Your Dog Hates the Fourth of July: Keep Your Pets Safe This Holiday Weekend

Pet Amber Alert reports that up to 30 percent of pets are lost during the holiday weekend each year, and only 13 percent make it back to their owners.

Patriotic dog. Credit: Patch file photo
Patriotic dog. Credit: Patch file photo

There's a popular meme being shared around Facebook lately that says "I love fireworks ... said no dog ever." 

Dogs don't care that America declared its independence from England. They only know that they're hoping some more hot dogs will fall off the grill, and that those loud booms will stop scaring them. 

While the Fourth of July is a big celebration for humans, the food and fun that surrounds it can pose safety issues for your beloved pets. From eating bad food to darting when the kids are throwing firecrackers, dogs and cats can get into trouble on the holiday weekend. 

The Dog Channel reported that a pet is lost every two seconds, according to the National Council of Pet Population Study and Policy, and that veterinarians and shelters historically report high numbers of runaways during the Fourth of July weekend. 

Pet Amber Alert reports that up to 30 percent of pets are lost during the holiday weekend each year, and only 13 percent make it back to their owners. 

The ASPCA's Animal Poison Control Center offers a set of tips on its website to follow to keep your pets safe

  • Never leave alcoholic drinks unattended where pets can reach them. Alcoholic beverages have the potential to poison pets. If ingested, the animal could become very intoxicated and weak, severely depressed or could go into a coma. Death from respiratory failure is also a possibility in severe cases.

  • Do not apply any sunscreen or insect repellent product to your pet that is not labeled specifically for use on animals. Ingestion of sunscreen products can result in drooling, vomiting, diarrhea, excessive thirst and lethargy. The misuse of insect repellent that contains DEET can lead to neurological problems.

  • Always keep matches and lighter fluid out of your pets’ reach. Certain types of matches contain chlorates, which could potentially damage blood cells and result in difficulty breathing—or even kidney disease in severe cases. Lighter fluid can be irritating to skin, and if ingested can produce gastrointestinal irritation and central nervous system depression. If lighter fluid is inhaled, aspiration pneumonia and breathing problems could develop.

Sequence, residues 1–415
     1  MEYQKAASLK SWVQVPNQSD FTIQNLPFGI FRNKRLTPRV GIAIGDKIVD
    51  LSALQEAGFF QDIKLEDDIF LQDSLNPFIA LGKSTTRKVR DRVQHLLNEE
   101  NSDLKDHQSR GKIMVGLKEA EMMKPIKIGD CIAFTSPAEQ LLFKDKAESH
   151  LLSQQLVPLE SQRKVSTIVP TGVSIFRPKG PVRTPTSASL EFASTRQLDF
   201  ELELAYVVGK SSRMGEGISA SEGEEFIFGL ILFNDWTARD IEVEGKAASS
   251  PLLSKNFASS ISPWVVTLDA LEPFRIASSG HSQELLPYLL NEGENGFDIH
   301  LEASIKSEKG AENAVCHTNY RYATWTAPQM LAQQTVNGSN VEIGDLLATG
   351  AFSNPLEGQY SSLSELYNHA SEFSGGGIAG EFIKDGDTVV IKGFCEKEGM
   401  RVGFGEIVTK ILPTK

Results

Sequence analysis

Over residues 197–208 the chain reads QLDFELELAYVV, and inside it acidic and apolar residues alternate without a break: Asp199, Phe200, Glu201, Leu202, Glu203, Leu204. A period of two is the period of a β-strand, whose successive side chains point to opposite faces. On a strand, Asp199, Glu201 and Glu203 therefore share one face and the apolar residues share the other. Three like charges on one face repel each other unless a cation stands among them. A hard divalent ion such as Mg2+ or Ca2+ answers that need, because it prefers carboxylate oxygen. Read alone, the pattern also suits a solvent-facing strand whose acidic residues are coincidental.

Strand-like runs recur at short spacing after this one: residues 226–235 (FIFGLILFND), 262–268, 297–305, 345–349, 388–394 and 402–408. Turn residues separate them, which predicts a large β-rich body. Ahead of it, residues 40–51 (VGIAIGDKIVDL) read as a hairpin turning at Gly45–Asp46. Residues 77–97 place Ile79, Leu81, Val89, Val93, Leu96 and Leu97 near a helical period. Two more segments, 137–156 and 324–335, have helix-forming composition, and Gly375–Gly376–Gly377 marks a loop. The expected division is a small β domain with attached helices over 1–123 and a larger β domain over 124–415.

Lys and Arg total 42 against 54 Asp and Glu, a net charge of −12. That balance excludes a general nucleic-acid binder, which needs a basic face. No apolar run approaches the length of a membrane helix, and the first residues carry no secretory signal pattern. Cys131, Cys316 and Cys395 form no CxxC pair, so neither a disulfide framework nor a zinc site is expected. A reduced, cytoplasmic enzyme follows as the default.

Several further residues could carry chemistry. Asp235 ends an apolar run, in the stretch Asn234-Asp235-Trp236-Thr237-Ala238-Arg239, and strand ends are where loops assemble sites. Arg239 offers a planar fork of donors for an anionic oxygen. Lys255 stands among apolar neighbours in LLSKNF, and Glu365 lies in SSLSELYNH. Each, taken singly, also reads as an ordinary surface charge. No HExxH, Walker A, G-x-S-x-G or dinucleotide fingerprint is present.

• Keep your pets on their normal diet. Any change, even for one meal, can give your pets severe indigestion and diarrhea. This is particularly true for older animals who have more delicate digestive systems and nutritional requirements. And keep in mind that foods such as onions, chocolate, coffee, avocado, grapes & raisins, salt and yeast dough can all be potentially toxic to companion animals.

  • Do not put glow jewelry on your pets, or allow them to play with it. While the luminescent substance contained in these products is not highly toxic, excessive drooling and gastrointestinal irritation could still result from ingestions, and intestinal blockage could occur from swallowing large pieces of the plastic containers.

  • Keep citronella candles, insect coils and oil products out of reach. Ingestions can produce stomach irritation and possibly even central nervous system depression. If inhaled, the oils could cause aspiration pneumonia in pets.

  • Never use fireworks around pets! While exposure to lit fireworks can potentially result in severe burns and/or trauma to the face and paws of curious pets, even unused fireworks can pose a danger. Many types contain potentially toxic substances, including potassium nitrate, arsenic and other heavy metals.

  • Loud, crowded fireworks displays are no fun for pets, so please resist the urge to take them to Independence Day festivities. Instead, keep your little guys safe from the noise in a quiet, sheltered and escape-proof area at home.

david mokal July 03, 2014 at 02:30 PM
I have one dog that goes ballistic. In lightning storms I found that if you rub a fabric soffening cloth it helps with the static the dog pics up. You can get calming meds at the pet store that works well too. My other dog could care less.
Charlene Arsenault July 03, 2014 at 05:42 PM
Thundershirts, apparently, work wonders for some dogs.
North of Boston Animal Rescue, Inc. July 03, 2014 at 07:05 PM
Thank you Charlene for posting, there are also higher instances of pets drowning during this weekend as well. Between the heat, fireworks, toxic substance ingestion, and drowning, it is best to leave dogs in a safe area at home in the A/C preferably in a crate with access to a water bottle. Vermont Naturals makes a great product called "Calming Treats", it is available at PetLife. Also soft music or a TV running in the background can also ease anxiety. If you need additional help, please consult your veterinarian. I have never had luck with Thundershirts for our dogs in rescue, but the T-Touch wrap seems to work much better. You can Google for more information.
Liz Pierce July 04, 2014 at 07:59 AM
this 4th of July weekend, go see AMERICA, the movie. it's a compelling, eye opening, true history lesson in a hour and 45 minutes about how the United States was founded.
John Smith July 05, 2014 at 12:37 AM
Its not the emotions that gets to dogs on the fourth. Its their excellent hearing. As far as killing Native Americans I never killed any of them. My family came here by boat. I have zero white guilt. HELL NO to Reparations.


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